The U.S. Capitol police have started scrutinizing the backgrounds of individuals who meet with lawmakers.
After the Jan. 6 insurrection, the police department's intelligence unit began examining people and their social media feeds who meet with lawmakers, who hadn't been aware of the practice, and even some of the intelligence analysts have raised concerns with the department's inspector general, reported Politico.
“Whatever they think that sounds like for security, it sounds dangerously close — if not already over the line — to spying on members of Congress, their staff, their constituents and their supporters,” said Rep. Kelly Armstrong (R-ND), a former criminal defense attorney. “Anybody involved with implementing this without making it known to the actual members of Congress should resign or be fired immediately, and I’m not big on calling for resignations.”
Three sources told Politico that congressional staffers are also subject to the new scrutiny, which was implemented by former Department of Homeland Security official Julie Farnam as part of a series of changes implemented in the intelligence unit starting in fall 2020.
“These reports are incredibly disturbing,” said McKinley Lewis, a spokesperson for Sen. Rick Scott (R-FL). “It is unthinkable that any government entity would conduct secret investigations to build political dossiers on private Americans. The American people deserve to know what Chuck Schumer and Nancy Pelosi knew and directed, and when. Senator Scott believes the Senate Rules Committee should immediately investigate.”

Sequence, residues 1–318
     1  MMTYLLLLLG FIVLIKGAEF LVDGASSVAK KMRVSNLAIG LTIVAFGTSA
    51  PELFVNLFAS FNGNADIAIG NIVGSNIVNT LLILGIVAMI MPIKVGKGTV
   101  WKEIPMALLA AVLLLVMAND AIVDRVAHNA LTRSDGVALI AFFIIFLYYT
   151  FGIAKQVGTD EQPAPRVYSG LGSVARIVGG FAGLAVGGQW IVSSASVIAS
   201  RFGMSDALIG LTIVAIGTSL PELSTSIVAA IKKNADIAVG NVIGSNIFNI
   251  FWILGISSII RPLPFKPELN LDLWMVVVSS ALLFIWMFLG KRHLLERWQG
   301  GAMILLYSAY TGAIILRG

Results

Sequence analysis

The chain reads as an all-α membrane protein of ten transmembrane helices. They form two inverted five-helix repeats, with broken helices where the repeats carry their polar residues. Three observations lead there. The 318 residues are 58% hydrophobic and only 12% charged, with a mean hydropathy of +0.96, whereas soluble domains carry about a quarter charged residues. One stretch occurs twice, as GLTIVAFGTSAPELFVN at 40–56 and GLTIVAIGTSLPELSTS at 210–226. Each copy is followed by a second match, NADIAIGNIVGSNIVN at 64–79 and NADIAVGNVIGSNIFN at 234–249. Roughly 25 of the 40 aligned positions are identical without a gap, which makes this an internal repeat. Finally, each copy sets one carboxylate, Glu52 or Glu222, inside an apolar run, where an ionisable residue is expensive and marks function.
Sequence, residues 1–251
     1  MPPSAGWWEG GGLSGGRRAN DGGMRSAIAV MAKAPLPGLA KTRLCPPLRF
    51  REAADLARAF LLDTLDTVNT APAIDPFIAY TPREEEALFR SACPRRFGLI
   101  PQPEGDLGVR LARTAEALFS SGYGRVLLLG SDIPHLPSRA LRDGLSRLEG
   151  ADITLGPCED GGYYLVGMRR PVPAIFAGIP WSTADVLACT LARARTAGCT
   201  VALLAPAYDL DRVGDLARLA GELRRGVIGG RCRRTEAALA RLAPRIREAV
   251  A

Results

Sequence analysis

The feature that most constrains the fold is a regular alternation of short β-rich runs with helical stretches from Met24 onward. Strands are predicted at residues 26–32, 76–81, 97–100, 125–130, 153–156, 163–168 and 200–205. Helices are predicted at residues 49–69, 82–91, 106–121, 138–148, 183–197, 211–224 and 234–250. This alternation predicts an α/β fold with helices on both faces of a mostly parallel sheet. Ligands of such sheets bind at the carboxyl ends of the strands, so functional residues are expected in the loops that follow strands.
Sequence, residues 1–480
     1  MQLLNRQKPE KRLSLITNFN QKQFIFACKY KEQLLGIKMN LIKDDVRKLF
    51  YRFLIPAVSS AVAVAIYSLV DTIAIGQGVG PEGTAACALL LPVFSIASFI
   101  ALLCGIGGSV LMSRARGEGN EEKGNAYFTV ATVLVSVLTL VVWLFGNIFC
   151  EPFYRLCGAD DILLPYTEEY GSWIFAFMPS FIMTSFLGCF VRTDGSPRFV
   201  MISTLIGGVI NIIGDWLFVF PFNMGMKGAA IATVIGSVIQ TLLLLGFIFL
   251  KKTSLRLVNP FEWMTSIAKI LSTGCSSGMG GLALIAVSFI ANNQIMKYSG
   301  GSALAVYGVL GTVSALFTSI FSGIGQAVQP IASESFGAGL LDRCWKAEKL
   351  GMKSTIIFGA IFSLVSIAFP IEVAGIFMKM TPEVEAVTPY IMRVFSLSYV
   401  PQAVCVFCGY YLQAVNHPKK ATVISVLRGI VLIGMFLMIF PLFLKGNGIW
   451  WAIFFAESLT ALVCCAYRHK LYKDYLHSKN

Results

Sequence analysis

A spokesperson for House Administration Committee, which oversees chamber security matters, declined to comment, but Capitol police defended the practice of seeking public information about donors, staffers and other associates who meet with lawmakers.
“It is our duty to protect Members of Congress wherever they are,” police said in a statement. “Just like journalists, we do research with public information.”
Patrick Toomey, a senior staff attorney with the ACLU’s National Security Project, said the practice raises civil rights concerns.
“When police set out to monitor people’s social media activity without any reason to believe they have engaged in criminal activity, it raises First Amendment concerns,” Toomey said. “Those concerns are especially strong here, where individuals are coming under scrutiny simply because they are exercising their right to petition members of Congress.”